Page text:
The Union women and child development (WCD) ministry has said marital rape should be treated seriously, a nuanced shift from an earlier controversial stand in Parliament that such concepts couldn’t be “suitably applied” in India due to religious beliefs and social customs.
The ministry has written to the Rajya Sabha secretariat to amend the government’s reply in the House last month, stating the Indian Penal Code has provisions to deal with cruelty against women and “marital rape should be treated seriously”.
In a written reply to an unstarred question on March 10, WCD minister Maneka Gandhi had stated, “It is considered that the concept of marital rape, as understood internationally, cannot be suitably applied in the Indian context due to various factors such as level of education/illiteracy, poverty, myriad social customs and values, religious beliefs, mindset of the society to treat the marriage as a sacrament.”
The statement triggered international uproar with Gandhi facing flak from women’s groups, who said the BJP leader insulted thousands of victims of marital rape.
The response also baffled many as Gandhi had earlier described marital rape as “violence against women” and maintained that “it should be treated with seriousness”.
So, how did the goof-up happen? Following an explanation sought by Gandhi, it emerged that oversight by officials led to the fiasco.
Officials described the WCD ministry’s March 10 response as a “goof-up” by a junior official.
“During a Parliament session, officers are burdened with preparing replies to over a dozen questions every day. It is quite possible that nobody noticed the mistake,” a ministry official said.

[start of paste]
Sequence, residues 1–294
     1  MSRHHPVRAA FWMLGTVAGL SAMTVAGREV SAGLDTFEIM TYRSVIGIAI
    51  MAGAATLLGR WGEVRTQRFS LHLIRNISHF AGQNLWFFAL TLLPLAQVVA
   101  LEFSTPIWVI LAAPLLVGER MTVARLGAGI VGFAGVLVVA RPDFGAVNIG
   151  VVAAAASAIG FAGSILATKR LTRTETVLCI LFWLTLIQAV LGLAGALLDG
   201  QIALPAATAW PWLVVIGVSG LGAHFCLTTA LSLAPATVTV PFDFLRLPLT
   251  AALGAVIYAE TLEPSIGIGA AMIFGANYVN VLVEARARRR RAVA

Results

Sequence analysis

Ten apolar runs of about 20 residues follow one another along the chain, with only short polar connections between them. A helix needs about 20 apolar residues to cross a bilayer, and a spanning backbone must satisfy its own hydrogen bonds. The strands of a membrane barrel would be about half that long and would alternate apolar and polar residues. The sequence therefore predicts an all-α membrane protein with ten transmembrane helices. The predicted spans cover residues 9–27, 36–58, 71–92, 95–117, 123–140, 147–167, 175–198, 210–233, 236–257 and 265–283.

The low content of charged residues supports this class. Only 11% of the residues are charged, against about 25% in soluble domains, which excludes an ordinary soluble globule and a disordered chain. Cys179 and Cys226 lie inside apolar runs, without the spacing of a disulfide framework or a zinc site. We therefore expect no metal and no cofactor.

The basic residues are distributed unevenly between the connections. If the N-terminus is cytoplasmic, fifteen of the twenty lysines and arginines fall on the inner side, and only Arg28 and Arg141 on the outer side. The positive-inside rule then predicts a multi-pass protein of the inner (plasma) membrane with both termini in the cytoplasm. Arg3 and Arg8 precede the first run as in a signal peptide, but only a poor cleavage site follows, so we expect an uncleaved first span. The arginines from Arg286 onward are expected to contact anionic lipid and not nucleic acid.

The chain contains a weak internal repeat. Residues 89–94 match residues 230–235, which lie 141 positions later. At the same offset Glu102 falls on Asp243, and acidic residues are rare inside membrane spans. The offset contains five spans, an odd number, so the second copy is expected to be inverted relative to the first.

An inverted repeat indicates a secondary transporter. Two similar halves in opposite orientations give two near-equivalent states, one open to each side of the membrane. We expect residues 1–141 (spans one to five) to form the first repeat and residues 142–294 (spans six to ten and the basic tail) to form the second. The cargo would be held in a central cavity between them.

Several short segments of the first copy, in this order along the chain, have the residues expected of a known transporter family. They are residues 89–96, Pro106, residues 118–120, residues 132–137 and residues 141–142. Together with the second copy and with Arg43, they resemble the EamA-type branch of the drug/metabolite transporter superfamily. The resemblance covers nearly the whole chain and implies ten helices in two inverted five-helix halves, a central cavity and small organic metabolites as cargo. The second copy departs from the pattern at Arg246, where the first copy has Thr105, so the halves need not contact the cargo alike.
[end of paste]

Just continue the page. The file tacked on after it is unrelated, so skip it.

Sources said a junior official “cut pasted” the answer from a similar reply that minister of state for home Haribhai Parathibhai Chaudhary gave on marital rape in the Rajya Sabha last April.
About half-a-dozen- senior officials in the ministry who are supposed to go through the replies to un-starred questions did not detect the error either. And as the answer was laid on the floor of the House, it skipped the WCD minister’s eyes too.
But the latest clarification is unlikely to settle the debate around marital rape as the government’s stand remains ambiguous.
In 2013, the parliamentary standing committee on home affairs observed that if the marital rape was brought under the law, the entire family system will be under great stress.
The home ministry has now requested the law commission to deliberate upon the matter during the course of its comprehensive review of criminal justice system.